By Philip Scholz
I’d chickened out the last two times, but not now. I had to do it now. Grabbing my backpack, I got out of my car. I feared this would be the time my door would just fall off when I closed it, but the thing held.
Sure, I was nervous, but I needed the money. Cleaning toilets wasn’t paying the bills. And, thanks to my lousy ex-manager at the computer store, I was pretty much blackballed from getting anywhere in this world. It wasn’t like I’d been smoking the weed. I just put it in my locker for a party I was going to after work. What right did he have to go looking in there? He’d told me my poor attitude didn’t help anything, but what was that supposed to mean? It wasn’t my fault most of the moronic customers didn’t know a hard drive from a flash drive.
I walked into the bank and got in line by the tellers. My turn soon came and I stepped up to the booth. Behind the glass sat a woman older than me. Maybe thirty, but I wasn’t sure. She looked kind of like my ex-manager’s wife, but I wasn’t sure. Under these particular circumstances, it’s hard to recall all the details about a woman who thought you were meant to be her personal slave whenever she proved herself too stupid to turn on a laptop. My willingness to help counted for nothing when her husband found the weed. I was nothing to them both, then. Just a pothead with a poor attitude, not worth spit on the sidewalk.
I shook my head to focus. Needing to get this done, I stuck my hand in my pocket.
“What can I do for you today?” the woman behind the glass asked. God, she sounded way too sweet. Her voice gave me a headache.
I withdrew the note and thrust it through the slot in the glass. She read my message and her face became pale. She understood. She’d never noticed that my hand had been shaking.
“Now,” I hissed, showing her the gun in my backpack. “Nothing funny.”
With that, I became more confident. This would work. I was in charge now.
She retrieved the money, pushing stacks of bills through the slot. I stuffed them into my backpack. When no more came, I zipped it shut, noticing I’d gotten a good haul. I had to push the loot down a bit to get the zipper closed.
“Nice job,” I commended. “You stay quiet about this until I’m gone. Got me?”
She nodded. I turned and headed for the door. The adrenalin was pumping now, but I had to stay focused.
Glancing around, I saw no one else looking back at me. No one was alarmed. My low-profile method seemed to have worked. Heck, some suit, probably the bank’s manager, stood nearby, talking to some lady in a pink sweater and blue skirt, a customer, for all I knew. They never stop chatting. Customers never knew when to shut their mouths and actually let you help them.
I kept moving, working hard not to draw attention to myself. Finally, I reached the door. It didn’t resist as I pulled it open. I darted past the ATM to the other door and got it open too.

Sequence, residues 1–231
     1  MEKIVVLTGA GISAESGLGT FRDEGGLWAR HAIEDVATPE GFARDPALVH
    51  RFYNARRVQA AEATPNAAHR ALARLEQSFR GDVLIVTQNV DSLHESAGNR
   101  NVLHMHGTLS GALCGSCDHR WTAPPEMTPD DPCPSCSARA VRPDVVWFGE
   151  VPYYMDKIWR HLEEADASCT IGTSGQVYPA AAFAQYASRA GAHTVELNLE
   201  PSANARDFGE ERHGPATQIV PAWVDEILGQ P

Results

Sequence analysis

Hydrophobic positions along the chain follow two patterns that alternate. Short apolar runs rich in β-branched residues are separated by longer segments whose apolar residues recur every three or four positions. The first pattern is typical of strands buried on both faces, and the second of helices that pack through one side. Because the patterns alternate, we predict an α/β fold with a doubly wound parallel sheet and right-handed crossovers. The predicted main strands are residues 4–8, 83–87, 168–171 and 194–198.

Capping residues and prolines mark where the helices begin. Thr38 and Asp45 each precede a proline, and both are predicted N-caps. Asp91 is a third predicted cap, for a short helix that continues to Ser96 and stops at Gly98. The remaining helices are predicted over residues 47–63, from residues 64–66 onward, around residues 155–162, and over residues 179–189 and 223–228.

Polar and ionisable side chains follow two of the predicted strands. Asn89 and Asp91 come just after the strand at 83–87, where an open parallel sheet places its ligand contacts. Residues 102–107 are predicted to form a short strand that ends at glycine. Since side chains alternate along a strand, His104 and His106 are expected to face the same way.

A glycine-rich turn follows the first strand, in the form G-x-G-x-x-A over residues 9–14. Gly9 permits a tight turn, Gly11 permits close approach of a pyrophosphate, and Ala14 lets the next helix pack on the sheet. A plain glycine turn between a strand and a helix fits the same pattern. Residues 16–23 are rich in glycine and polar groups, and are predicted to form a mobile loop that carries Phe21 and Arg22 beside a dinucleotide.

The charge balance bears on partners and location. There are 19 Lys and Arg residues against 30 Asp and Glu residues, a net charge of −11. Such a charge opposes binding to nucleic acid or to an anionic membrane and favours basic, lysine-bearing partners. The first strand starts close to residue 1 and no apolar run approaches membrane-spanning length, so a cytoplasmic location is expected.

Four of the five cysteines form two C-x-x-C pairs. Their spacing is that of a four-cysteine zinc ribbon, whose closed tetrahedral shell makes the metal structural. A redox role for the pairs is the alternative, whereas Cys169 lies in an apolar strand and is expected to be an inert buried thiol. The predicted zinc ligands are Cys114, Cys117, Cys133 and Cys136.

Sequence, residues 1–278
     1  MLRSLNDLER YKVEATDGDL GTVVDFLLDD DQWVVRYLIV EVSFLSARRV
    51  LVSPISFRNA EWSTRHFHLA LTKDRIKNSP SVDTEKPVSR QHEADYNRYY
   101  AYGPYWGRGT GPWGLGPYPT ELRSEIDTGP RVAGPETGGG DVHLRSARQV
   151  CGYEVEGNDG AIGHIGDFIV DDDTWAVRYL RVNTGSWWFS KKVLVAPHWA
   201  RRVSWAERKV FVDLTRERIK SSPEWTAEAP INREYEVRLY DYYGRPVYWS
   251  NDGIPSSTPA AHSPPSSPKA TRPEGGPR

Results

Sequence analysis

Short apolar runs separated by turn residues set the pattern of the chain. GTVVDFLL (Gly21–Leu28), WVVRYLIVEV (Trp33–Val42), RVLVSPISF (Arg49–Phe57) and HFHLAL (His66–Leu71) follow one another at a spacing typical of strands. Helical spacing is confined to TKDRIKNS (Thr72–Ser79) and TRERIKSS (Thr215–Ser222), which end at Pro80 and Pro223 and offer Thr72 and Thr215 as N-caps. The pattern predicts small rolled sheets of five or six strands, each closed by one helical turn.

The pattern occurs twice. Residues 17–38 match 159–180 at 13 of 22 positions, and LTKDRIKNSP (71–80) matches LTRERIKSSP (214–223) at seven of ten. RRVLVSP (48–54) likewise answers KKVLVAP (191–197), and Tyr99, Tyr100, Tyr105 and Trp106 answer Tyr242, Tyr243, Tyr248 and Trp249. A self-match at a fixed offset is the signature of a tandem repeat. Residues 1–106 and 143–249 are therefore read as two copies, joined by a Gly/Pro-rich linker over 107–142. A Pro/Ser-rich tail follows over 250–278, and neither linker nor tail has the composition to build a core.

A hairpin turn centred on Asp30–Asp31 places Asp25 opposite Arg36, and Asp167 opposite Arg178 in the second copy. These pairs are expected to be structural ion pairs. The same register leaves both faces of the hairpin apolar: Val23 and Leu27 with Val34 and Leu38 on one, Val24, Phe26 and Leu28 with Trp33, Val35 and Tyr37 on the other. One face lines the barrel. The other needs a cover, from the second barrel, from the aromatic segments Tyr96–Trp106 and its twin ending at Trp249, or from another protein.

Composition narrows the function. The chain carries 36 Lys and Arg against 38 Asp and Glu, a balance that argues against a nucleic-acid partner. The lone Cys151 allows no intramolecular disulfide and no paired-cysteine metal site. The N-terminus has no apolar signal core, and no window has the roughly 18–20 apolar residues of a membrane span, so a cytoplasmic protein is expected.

I was outside the bank. Fresh air filled my lungs. No army of cops was waiting with their guns out and ready. I’d done it. My backpack was slipping down my shoulder, so I hitched it up again.
That teller had to be calling the cops right now. She looked like the type who’d go running to someone else to help her. Could anyone do anything alone anymore?
Still trying not to be obvious, I walked to my car, taking one quick step after another. I took deep breaths, trying to calm my nerves. I’d made it.
Two steps from my car, someone grabbed me by my shoulder and threw me to the ground…oomph…hard. That’s gonna hurt in the morning. Heck, it already hurt.
Dazed, I looked up and saw two cops in full uniform. A guy with short, blond hair was cuffing me while a woman with long red curls grabbed my backpack. She pulled back the zipper, looked inside, and showed it to her partner.
“Gotta be a couple thousand here. And check out the piece. Bet that’s not registered.”
The guy nodded and looked at my car.
“Same one as the last two times.”
He looked down at me, just as so many others always looked down at me.
“Listen, don’t go casing a bank in such a trash heap. People remember that.”
My head was pounding and I tasted blood. I felt like I’d been punched in the ribs. Man, those cuffs were tight.
Looking up at him, I thought he seemed familiar. It had to be my imagination. I didn’t know any cops. But there was something about him. I’d seen that scowl before.
Then I remembered. My ex-manager had sometimes said his brother was a cop. The resemblance was there. Could my luck really be that rotten? Could the universe play such a cruel joke on me?
“You got something to say?” the cop asked with a little smirk.
Yeah, it was the brother. My manager had asked the exact same thing in the exact same condescending tone with the exact same expression when he found the weed. There was no denying it.
I stared at the cops, wanting to give them a smart remark… go out on a high note. But I couldn’t think of anything as blood ran down my chin.